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My question is about the CBOE published index VIX and SKEW.

To start with, I consider working on the variance dynamics. I calibrate the market data (such as VIX and VIX futures) into the Heston model. After that it's not hard to derive the dynamics of VIX.

But how about SKEW, how could I relate the Heston Model to it? Or I shall employ further stochastic models for the higher moments of the underlying log return?

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2 Answers 2

In fact, even your VIX dynamics are not exact, since you can only obtain dynamics for an approximation of the actual VIX calculation (I presume you are just running the variance variable through a square root using Ito's rule).

SKEW is even less tractable here since its calculation roughly goes as the third moment of the return distribution. I doubt you can even get a closed form for that third moment, let alone the actual calculation (which, like VIX, depends on discrete strikes).

I will add that the Heston model is notoriously bad at making plausible forward volatility skews, so the results of your endeavor are likely to be of academic interest only.

If you still want to try, your best bet is to fourier transform the characteristic function (as is done to get the closed-form Heston option pricing equation). You can probably obtain a closed form expression for the fourier transform of the third moment of returns. Turning that into an actual approximation to SKEW will probably not have any analytic solution to the fourier integral so you will have to use FFT techniques to get numbers out of the whole process.

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I assume no interest rates to clarify the approach. The Heston model is written under the risk-neutral probability as $$ \frac{dS_t}{S_t} = \sqrt{v_t}dW_t $$ $$ dv_t = -\kappa(v_t-\eta)dt + \theta \sqrt{v_t}dZ_t $$ with $d\langle W,Z\rangle_t = \rho dt$ and $v_0 = \sigma_0^2$. Using Itô's lemma we can derive $$ \log\left(\frac{S_t}{S_0}\right) = \int_0^t \sqrt{v_s}dW_s - \frac{1}{2} \int_0^t v_s ds $$ According to the CBOE white paper, the SKEW index is computed from $$ SKEW = 100 - 10 \mathbb{E}\left[ \left(\frac{R-\mu}{\sigma}\right)^3\right]$$ with $R$ being the 30-day log return of the S&P500 and $\mu$, $\sigma$ its mean and variance. You can -not without some work- rewrite the SKEW as a function of $v_t$ moments. Indeed you will have to use :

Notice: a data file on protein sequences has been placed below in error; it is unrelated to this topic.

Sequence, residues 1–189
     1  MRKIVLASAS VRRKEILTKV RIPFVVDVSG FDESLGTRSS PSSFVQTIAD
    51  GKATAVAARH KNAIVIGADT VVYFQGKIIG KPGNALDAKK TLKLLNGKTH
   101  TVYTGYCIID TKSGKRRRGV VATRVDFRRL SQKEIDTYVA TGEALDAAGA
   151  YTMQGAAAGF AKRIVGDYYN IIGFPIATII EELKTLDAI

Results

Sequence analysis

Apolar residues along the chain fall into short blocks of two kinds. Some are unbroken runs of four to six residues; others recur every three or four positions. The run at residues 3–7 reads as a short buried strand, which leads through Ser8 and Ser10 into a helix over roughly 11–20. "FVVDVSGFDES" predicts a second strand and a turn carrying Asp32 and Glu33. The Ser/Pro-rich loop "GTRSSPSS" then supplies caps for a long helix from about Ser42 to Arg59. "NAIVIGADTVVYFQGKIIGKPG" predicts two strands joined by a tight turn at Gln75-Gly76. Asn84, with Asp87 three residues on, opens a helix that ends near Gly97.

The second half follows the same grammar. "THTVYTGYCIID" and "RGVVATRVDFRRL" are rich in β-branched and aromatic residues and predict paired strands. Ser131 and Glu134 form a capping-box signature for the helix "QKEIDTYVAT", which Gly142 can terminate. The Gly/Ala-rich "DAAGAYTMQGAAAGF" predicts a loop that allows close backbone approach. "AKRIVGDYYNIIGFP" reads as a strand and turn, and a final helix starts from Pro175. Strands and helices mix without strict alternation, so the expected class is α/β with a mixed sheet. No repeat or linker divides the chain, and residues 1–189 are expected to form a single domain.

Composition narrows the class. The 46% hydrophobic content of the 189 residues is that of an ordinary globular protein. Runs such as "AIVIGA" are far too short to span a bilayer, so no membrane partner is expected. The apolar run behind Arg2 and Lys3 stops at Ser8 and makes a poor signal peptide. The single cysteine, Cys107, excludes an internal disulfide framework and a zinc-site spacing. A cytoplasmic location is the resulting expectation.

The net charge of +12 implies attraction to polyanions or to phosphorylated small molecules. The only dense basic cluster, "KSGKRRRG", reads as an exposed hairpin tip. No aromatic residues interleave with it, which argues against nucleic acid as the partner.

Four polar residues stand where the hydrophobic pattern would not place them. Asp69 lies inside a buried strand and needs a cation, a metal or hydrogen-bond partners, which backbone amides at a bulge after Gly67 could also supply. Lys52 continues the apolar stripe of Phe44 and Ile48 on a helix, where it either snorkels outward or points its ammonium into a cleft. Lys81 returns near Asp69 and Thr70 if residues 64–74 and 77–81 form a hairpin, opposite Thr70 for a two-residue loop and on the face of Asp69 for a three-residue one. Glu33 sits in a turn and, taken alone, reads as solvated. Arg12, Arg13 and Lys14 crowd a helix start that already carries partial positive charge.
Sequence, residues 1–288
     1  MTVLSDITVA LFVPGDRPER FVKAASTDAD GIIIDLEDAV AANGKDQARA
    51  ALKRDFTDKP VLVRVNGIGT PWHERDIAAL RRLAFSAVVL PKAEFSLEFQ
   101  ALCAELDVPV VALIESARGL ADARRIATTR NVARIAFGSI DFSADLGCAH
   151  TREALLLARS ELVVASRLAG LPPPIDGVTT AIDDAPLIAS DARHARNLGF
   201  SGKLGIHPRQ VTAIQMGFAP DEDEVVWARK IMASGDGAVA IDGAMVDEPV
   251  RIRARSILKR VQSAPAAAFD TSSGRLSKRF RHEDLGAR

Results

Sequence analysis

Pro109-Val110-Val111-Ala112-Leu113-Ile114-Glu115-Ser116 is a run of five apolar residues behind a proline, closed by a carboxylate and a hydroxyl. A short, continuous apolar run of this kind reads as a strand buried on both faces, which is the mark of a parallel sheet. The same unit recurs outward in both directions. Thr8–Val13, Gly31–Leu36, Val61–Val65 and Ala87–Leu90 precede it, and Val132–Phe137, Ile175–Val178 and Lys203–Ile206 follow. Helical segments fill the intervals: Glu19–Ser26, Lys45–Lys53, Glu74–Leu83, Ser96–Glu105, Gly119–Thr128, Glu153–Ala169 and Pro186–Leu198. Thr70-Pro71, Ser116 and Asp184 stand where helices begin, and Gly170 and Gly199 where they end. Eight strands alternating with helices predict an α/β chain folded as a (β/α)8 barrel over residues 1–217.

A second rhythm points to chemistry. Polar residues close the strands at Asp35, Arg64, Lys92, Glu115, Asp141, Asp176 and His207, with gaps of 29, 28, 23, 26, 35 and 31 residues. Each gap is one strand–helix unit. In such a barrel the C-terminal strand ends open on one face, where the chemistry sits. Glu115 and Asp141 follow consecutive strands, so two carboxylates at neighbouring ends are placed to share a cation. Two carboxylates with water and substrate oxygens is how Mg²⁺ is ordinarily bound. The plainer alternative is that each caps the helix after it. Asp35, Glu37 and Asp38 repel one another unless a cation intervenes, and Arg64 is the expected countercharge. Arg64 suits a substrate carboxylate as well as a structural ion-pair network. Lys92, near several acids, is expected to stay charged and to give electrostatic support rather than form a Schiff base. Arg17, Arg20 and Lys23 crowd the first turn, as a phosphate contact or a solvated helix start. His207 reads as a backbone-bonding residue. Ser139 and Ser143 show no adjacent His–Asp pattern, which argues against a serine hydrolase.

• Itô's lemma with $f(x)=x^\alpha$ to get $\mathbb{E}(X_t^\alpha)$ with $X_t := \int_0^t \sqrt{v_s} dW_s$
  • Itô's lemma with $f(x,y)=xy$ to get mixed expectation of form $\mathbb{E}(X_t^\alpha v_t^\beta)$

Eventually you will only worry about finding $v_t$ moments, which can be obtained by using the classical $$v_t - \mathbb{E}(v_t) = \theta\int_0^t e^{-k(t-s)}\sqrt{v_s}dW_s $$ and the above.

In case you need fractional moments (as you are looking at the VIX as well), the following should be of interest.

Let X be a random variable with Laplace transform $\mathcal{L}$. Then if $n\in\mathbb{N}$ and $\alpha>0$ then $$ \mathbb{E}[X^{n-\alpha}] = \frac{(-1)^n}{\Gamma(\alpha)}\int_0^\infty \frac{\partial^{(n)}\mathcal{L}}{\partial \lambda}(\lambda)\lambda^{\alpha-1}d\lambda $$

This can be applied to find $\mathbb{E}[\sqrt{v_t}]$, $\mathbb{E}[v_t^{3/2}]$, etc. The Laplace transform of a CIR process has a closed-form of affine type and can be easily found in the litterature.

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